The partnership implementation area covers all of Sofala Province, including the provincial health directorate, 13 districts, and 146 health facilities (Figure 3). Sofala was chosen as the focal region based on the extensive collaborative history of the lead partners in the province. The PHIT design is focused on an entire province because it is an important administrative unit in the Mozambique health system and provincial capacity must be considered in any approach that aims to sustainably improve district (and, subsequently, health facility) capacity. Furthermore, all districts in the province were selected for the Mozambique PHIT Partnership to provide a comprehensive understanding of the partnership effect on health management capacity across heterogeneous districts. Such an understanding is important to determining which aspects of the partnership design are most suited for national scale-up and which may need modification to fit local contexts.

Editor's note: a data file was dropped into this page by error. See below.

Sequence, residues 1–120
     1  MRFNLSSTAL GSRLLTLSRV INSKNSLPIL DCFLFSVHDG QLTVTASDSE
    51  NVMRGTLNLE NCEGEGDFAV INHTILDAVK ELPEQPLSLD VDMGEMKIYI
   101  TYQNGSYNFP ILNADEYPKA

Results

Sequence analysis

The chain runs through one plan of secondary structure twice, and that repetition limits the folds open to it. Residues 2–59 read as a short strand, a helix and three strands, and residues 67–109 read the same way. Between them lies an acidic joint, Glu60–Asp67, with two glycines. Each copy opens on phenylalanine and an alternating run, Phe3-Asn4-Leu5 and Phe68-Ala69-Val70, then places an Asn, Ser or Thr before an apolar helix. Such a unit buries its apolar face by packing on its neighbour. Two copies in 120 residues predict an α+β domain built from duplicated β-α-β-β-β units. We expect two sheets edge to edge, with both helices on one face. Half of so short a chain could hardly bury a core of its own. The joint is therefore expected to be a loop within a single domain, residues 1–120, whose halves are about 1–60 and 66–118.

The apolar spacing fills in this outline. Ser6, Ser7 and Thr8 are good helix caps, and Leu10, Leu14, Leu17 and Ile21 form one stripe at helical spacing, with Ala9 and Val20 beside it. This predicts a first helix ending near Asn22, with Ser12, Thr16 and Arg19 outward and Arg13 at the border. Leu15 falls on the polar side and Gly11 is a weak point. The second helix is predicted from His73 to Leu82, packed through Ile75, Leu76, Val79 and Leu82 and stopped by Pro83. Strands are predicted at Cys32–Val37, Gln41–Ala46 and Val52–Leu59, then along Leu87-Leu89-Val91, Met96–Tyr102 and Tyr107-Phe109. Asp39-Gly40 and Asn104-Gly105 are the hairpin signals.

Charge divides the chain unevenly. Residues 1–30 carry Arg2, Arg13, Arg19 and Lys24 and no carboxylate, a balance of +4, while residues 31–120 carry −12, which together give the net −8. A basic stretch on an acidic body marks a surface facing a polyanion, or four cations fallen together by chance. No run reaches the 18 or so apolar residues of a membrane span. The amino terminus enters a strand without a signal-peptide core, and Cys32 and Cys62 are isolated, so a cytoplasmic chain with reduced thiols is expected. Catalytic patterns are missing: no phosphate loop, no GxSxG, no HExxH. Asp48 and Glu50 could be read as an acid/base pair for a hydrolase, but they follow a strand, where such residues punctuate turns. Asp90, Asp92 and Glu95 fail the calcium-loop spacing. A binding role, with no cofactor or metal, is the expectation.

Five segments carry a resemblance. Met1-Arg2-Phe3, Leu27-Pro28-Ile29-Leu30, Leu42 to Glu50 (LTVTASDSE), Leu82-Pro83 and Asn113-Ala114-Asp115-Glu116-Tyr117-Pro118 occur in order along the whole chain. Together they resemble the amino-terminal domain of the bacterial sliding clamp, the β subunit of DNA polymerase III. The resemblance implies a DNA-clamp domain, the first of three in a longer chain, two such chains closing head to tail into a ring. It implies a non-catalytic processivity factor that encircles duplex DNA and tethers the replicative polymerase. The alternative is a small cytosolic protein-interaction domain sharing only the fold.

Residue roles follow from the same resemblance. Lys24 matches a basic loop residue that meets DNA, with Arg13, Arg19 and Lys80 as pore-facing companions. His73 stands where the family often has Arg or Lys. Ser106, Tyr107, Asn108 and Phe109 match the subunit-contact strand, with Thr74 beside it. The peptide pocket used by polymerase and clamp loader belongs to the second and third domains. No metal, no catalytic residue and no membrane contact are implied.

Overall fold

The comparison area selected for the impact evaluation is neighboring Manica province. Manica was chosen because it is the most similar province in Mozambique to Sofala in terms of population size (1.7 vs . 1.8 million), number of districts (10 vs. 13), number of health facilities (84 vs. 146), baseline health measures, and culture.
Because of shifts in national programs, available funding, and iterative learning, there have been a number of notable changes to the PHIT intervention design over time. National changes such as new registries and data reporting systems for maternal and reproductive health services and HIV care and treatment have created new training needs that the PHIT Partnership has accommodated.